If it were a good idea, you'd probably see it in use more. Gotta remember about intake pulses and frequencies and all that crazy crap, the air doesn't just flow smoothly into the head, it travels like sound waves and resonates and bounces around and all that good stuff.
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Old 05-09-2009, 05:26 PM   #14
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Quote:
Originally Posted by Braineack View Post
I'd assume it would choke up at high rpms. but im also an advertising major. You would more than likely see high vacuum at idle and get great throttle response but less overall power output due to the lack of available volume due to no plenum. Your intake tubing effectively becomes the plenum and would choke out. The main idea of the plenum is not only to balance the available air to each runner, but to make sure you have more than enough air to source from. This is why you see a decrease in low-end and throttle responce is after market IMs, but see incredible gains up top.

If it were a good idea, you'd probably see it in use more. Gotta remember about intake pulses and frequencies and all that crazy crap, the air doesn't just flow smoothly into the head, it travels like sound waves and resonates and bounces around and all that good stuff.
You've got a good point there. Let's keep in mind that the intake side is driven by vacuum (although, I'm wondering how this will work in a boosted envinorment) and that the exhaust system is having gas forced through it. It would be nice to have two similar looking setups, but aside from handling flowing gasses, they do two pretty different things.

I'm thinking that it could be of some use, but I'm just not sure I'd like to redo everything on the car, when I've seen examples of people picking up 15-25hp by redoing and porting out our stock mani. This was around the ~300hp, though. I dunno, I think I'd stick with a ported and de-tumbled stock unit to start.
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Old 05-09-2009, 05:35 PM   #15
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ive only taken fluid mechanics, ill let u guys know this time next year when i graduated and have taken an advanced fluid mechanics class lol.

I think the ideal system would be tuned tubular like the toyota and have a secondary that is a pure plenum type like after market mani's
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Old 05-09-2009, 06:28 PM   #16
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Quote:
Originally Posted by chance91 View Post
Let's keep in mind that the intake side is driven by vacuum (although, I'm wondering how this will work in a boosted envinorment) and that the exhaust system is having gas forced through it.
Both the intake side and the exhaust side are driven by pressure differential. Terms like vacuum and boost are misleading in this context- they're just names that we attach to different magnitudes of pressure differential relative to atmospheric pressure, which is a fairly arbitrary standard.

On the intake side of a naturally aspirated engine you have a theoretical maximum of roughly 14.5 PSI differential across the intake system (from the valve to the throttle). In reality there is never a perfect vacuum inside the combustion chamber (rather far from it, in fact) although there is the potential for some scavenging effect during the overlap period.

On a turbocharged car, the same rules apply. The only difference is that the pressure differential between the valves and the throttle might be 25-30 PSI instead.

Either way, there's a low pressure on one side of the system (inside the chamber) and a somewhat higher pressure on the other side (outside the throttle plate) and air is naturally going to flow from the higher pressure area to the lower pressure area.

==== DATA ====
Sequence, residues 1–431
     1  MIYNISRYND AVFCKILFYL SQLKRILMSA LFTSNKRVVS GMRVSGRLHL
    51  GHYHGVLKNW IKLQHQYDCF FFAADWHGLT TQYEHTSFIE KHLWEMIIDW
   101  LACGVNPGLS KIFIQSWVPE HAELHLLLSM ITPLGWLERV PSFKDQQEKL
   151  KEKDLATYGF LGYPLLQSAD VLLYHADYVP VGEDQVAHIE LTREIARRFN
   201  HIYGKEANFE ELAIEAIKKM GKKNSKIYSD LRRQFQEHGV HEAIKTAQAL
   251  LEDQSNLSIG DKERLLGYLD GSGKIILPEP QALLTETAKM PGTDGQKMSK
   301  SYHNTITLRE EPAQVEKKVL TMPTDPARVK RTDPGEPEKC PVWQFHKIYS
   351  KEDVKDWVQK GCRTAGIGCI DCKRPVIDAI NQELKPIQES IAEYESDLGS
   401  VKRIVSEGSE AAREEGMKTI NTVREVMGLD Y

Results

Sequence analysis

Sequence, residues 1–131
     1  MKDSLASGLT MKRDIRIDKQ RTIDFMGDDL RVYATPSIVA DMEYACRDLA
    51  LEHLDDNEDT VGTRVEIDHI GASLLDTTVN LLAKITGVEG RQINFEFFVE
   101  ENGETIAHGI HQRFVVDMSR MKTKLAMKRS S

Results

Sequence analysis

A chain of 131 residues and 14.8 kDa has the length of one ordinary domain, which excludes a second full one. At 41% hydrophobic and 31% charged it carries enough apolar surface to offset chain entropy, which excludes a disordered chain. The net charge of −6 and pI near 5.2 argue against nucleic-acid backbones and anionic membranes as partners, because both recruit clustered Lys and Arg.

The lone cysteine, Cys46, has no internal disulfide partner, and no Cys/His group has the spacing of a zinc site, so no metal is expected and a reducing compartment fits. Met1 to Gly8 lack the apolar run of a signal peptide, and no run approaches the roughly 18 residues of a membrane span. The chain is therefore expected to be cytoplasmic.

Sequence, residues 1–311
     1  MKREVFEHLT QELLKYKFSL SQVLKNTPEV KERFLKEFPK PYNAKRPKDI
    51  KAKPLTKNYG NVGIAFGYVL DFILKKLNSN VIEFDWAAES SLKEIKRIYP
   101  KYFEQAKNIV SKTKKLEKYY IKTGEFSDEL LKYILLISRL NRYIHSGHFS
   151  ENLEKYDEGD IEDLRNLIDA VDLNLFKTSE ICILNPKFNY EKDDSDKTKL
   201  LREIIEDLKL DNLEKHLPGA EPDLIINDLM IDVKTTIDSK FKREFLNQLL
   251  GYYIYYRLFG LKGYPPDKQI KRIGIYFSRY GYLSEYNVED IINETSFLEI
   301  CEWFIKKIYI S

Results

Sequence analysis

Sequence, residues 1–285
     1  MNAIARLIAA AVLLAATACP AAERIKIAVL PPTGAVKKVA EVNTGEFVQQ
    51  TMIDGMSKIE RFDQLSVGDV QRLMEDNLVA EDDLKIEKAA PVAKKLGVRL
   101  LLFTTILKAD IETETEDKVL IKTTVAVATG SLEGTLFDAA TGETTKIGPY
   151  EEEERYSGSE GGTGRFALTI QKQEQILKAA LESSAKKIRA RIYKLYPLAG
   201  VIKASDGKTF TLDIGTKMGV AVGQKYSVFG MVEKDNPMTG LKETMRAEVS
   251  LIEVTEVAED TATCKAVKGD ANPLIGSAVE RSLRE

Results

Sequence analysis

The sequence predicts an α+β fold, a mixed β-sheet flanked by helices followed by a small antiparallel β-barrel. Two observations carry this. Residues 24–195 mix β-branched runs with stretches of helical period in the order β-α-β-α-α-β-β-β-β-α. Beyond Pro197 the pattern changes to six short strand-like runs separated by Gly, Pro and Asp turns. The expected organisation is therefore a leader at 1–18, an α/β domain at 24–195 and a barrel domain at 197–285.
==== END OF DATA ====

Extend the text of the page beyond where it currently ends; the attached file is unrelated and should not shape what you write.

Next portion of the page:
The exact same principles are at work on the exhaust side. You have an area of high pressure inside the cylinder, and an area of considerably lower pressure at the end of the tailpipe, so air wants to flow out of the chamber and escape to the outside world. It doesn't matter that there's a piston coming up and "pushing" the air out of the cylinder. At a most basic level, that piston is just trying to raise the pressure inside the chamber at the same time that air is escaping from it.


And that's kinda why I wonder these things. If a system consisting of several pieces of equal-length tubing which converge into a single point at some fixed distance away from their origin is an "ideal" system for flowing pulsed streams of air out one side of the engine, then why does a big hollow chamber with several short tubes coming out of it at right angles and staggered intervals relative to the entry point into the chamber seem to be such a desirable configuration on the other side, on Dacia Sanderos and Bugatti Veyrons alike?
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Old 05-09-2009, 06:47 PM   #17
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Welllllll... On one side were trying to get a plethora in, and on the otherside we're trying to get a plethora out. We need low velocity to reduce total work done from a thermodynamic standpoint. On the other side we're trying to achieve maximum work, and leave the air beat to a pulp and with as little joules as we can manage (think scavaging). There are certain situations such as in 2 strokes that sophisticated resonate systems resembling 4 stroke intake plenums are utilized in order to facilitate scavaging, and thus induction, but that is a whole other world from four stroke design.
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Old 05-09-2009, 07:00 PM   #18
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1988 Porsche Carrera IM:



2008 Porsche 911 GT2 IM:




not much changed over 20 years.
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Old 05-09-2009, 07:02 PM   #19
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Ferrari F40:





Even a mustang:

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Old 05-09-2009, 07:06 PM   #20
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Thats because every single flow problem is caused by high velocity air across number 1, and packing in number 4. You get the baby bernoulli effect on number on and ram air induction on 4. So if you can redirect the airflow to go around, or directly into (relatively speaking) each stack then you have no flow inbalance.